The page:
Rock Art of the Khufu Region, Egyptian Western Desert: The Female Anthropomorphic Representations

نوع المستند : المقالة الأصلية


Faculty of Archaeology, Cairo University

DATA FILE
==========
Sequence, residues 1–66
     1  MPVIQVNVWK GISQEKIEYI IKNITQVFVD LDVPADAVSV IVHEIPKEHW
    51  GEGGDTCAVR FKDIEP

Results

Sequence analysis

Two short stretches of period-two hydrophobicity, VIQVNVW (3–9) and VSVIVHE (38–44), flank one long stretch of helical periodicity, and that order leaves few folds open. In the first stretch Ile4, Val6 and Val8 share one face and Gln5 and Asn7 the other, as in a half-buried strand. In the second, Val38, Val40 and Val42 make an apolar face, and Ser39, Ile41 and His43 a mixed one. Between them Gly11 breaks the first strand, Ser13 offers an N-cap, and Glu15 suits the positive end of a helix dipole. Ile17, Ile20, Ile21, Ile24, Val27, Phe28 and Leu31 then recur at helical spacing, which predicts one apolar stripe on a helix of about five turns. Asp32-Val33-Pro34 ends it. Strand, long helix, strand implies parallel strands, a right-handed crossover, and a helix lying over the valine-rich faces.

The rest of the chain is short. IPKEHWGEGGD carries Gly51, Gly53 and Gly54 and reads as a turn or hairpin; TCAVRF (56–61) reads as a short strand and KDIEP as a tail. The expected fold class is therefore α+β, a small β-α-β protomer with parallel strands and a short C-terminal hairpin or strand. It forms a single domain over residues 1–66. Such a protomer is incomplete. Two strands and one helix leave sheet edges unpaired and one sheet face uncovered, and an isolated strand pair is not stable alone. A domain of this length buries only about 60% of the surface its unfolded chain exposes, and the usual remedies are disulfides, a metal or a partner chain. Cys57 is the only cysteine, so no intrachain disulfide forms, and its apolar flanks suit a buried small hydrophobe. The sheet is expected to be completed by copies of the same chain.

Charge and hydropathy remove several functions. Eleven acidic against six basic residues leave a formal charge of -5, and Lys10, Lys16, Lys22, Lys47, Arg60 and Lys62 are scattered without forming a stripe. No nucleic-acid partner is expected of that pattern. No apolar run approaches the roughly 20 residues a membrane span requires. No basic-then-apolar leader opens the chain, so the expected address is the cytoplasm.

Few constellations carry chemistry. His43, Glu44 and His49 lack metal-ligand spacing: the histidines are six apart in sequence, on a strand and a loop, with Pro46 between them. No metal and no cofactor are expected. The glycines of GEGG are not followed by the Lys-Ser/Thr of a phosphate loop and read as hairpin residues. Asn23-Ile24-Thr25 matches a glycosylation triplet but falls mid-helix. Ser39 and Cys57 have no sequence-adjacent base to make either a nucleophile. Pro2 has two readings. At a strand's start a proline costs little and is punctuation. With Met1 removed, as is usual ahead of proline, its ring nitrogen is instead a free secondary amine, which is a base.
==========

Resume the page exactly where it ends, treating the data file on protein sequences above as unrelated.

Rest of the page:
The final stage of the Holocene humid period covers approximately the sixth millennium BC. This period in the Western Desert of Egypt is connected to the late Bashandi A cultural unit (around ca. 6420 to 5700 BC) or the beginning of Bashandi B cultural unit (around 5400 or 5650 to 3950 BC) in Dakhla oasis, when the desert dwellers were hunter-gatherers. Followed by the Middle Holocene regionalization phase, which is linked to the late Bashandi B cultural unit or the early Sheikh Muftah cultural unit (approximately 3800-2900 BC) in Dakhla Oasis. Due to a fundamental climatic change in the Sahara during this phase, the Western Desert of Egypt was depopulated except for some sites with favorable conditions for living like the oases which offered water supplies. (McDonald, 2001; 2002; Riemer &Kindermann, 2008). Fortunately, the Western Desert of Egypt conserves numerous amounts of archaeological remains of the ancient dwellers. As not all of them were buried by dunes and rock art is one of them. Thus, there are countless sandstone hills covered with engraved, pecked, and incised petroglyphs that were executed in the soft rocks (Polkowski, et al., 2013).In terms of style and elaboration, the most outstanding type of prehistoric rock art recorded in the Western Desert of Egypt is the female anthropomorphic figures. The distribution of these engravings was widely extended to be found in the Khufu region, southwest of Dakhla Oasis. Therefore, the focus of this paper's research is on studying and interpreting this striking type of figure in the Khufu region. Trying to get the best outcomes, spatial distribution, statistical, and stylistic or typological analyses have been performed over the corpus data of the female figures in the Khufu region.

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